When correcting the lower eyelids, the incisions are made close to the lash line, where they are usually almost invisible after healing. Here too, the surgeon removes the excess skin and, if necessary, the protruding fatty tissue.
In the last step, the skin incisions are sutured and covered with a fine plaster bandage. The operation takes just under an hour for both eyes.
After the operation:
After the upper eyelid blepharoplasty, you will stay in the clinic for one night for observation or be cared for in the surgery outpatient clinic for a few hours and then discharged home.
In the following days, the eyelids will still be swollen, which you can alleviate by applying cooling pads. After one week, the stitches are removed and it is checked that the healing process is free of complications. The healing process varies greatly from person to person.
After 1 to 2 weeks, most patients are already fully fit for work and business again.
After blepharoplasty you should take it easy for a few days. Unnecessary touching or rubbing of the eyelids should be avoided at all costs. To counteract the initial swelling, you can carefully cool the treatment areas. For this purpose, only cooling pads from the refrigerator and not from the freezer should be used. We recommend that you sleep with your upper body slightly elevated at first.
Two days after the stitches have been removed, you can use make-up again and conceal the last traces of treatment in this way. You should refrain from sporting activities for 7-10 days after the operation. If you normally wear contact lenses, it is advisable to change to glasses for a few days after blepharoplasty.
Blepharoplasty is a routine procedure in our eye clinic, which our specialists have been performing regularly for many years. Complications are therefore rare, but as with any operation, they can never be completely ruled out.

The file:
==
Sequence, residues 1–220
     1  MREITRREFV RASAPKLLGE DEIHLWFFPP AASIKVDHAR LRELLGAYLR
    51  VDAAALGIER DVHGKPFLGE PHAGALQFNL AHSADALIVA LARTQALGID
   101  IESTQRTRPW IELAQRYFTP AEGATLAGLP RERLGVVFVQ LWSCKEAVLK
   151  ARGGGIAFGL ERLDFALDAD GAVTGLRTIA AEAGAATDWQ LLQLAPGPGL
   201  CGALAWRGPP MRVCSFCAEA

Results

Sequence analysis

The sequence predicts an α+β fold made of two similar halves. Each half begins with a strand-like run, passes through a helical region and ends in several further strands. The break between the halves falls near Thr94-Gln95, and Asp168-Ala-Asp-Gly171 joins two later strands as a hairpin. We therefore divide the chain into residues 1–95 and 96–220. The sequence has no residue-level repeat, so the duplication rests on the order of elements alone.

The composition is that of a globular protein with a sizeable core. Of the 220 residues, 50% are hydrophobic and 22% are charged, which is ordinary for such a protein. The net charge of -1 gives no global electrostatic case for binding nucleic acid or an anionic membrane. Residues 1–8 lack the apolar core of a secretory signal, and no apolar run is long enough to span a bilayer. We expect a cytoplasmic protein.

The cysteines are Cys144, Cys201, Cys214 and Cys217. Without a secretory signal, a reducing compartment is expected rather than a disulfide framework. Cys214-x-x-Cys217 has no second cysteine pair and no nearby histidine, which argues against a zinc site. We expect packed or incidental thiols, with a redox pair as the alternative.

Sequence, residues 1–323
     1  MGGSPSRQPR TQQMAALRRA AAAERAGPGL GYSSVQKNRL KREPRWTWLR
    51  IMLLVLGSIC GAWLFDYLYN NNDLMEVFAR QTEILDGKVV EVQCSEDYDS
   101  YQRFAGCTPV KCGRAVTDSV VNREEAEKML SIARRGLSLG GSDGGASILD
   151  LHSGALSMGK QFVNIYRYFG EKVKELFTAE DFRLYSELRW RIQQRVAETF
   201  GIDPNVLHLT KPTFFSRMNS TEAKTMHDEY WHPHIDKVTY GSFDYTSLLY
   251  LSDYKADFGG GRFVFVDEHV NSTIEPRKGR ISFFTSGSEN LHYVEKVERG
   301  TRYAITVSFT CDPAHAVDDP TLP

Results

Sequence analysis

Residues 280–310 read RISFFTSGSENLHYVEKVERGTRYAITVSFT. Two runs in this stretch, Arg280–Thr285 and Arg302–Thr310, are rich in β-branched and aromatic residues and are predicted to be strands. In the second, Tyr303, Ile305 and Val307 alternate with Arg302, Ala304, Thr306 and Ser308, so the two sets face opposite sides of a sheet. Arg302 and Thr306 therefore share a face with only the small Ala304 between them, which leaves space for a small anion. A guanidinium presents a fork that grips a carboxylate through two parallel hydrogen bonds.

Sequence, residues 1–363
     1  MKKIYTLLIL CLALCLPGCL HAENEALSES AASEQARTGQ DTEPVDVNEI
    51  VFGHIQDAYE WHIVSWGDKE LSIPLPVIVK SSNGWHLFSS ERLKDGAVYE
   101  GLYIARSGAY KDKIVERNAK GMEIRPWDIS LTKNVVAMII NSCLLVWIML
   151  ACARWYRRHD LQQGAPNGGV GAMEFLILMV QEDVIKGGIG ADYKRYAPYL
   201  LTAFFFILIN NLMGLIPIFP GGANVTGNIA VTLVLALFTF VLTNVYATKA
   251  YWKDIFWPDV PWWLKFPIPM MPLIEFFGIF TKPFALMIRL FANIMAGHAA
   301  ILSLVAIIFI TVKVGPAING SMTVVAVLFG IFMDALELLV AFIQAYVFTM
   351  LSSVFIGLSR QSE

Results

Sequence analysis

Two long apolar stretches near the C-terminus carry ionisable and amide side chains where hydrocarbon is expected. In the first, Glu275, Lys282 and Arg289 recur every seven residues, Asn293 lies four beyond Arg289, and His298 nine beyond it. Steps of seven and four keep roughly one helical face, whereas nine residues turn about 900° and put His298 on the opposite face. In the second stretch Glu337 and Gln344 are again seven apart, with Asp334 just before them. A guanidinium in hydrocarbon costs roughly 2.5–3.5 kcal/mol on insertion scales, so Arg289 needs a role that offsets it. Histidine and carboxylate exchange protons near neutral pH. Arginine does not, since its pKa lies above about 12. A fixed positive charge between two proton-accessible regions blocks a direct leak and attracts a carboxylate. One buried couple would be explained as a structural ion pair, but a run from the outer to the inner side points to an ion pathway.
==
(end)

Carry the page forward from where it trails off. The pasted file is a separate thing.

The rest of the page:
In addition to the general risks of the operation and anaesthesia, which we will inform you about in advance of the operation, in individual cases there may be unsatisfactory scarring. However, this is very rare due to the fine skin of the eyelid which is well supplied with blood. In addition, the incisions are made in such a way that the scars are only visible at the edge in the area of the smile lines when the eye is open. We will also give you detailed instructions for wound and scar care.
Occasionally, problems with eyelid closure occur after dermatochalasis surgery. However, this is usually only a temporary phenomenon. If eyelid closure is weak, you may experience eye dryness and also increased lacrimation. If you already suffer from dry eyes before the operation, you should discuss this with the surgeon before the operation.
Swelling and bruising are normal after dermatochalasis surgery and are no cause for alarm. Usually, such side effects subside after a few days.
Even with the greatest surgical care, there may be some asymmetry in the area of the eyelids postoperatively. No natural face is completely symmetrical. However, in rare cases, surgical correction may be necessary to compensate for asymmetry.
With dermatochalasis surgery, permanent results can be achieved in the vast majority of cases. The excess skin and tissue are removed to such an extent that the normal eyelid contour is restored.
Depending on the individual predisposition and due to the natural ageing of the skin, sagging may occur again over the years. As a rule, however, this is the case after about 10 years at the earliest. If necessary, the dermatochalasis operation can be repeated at a later time.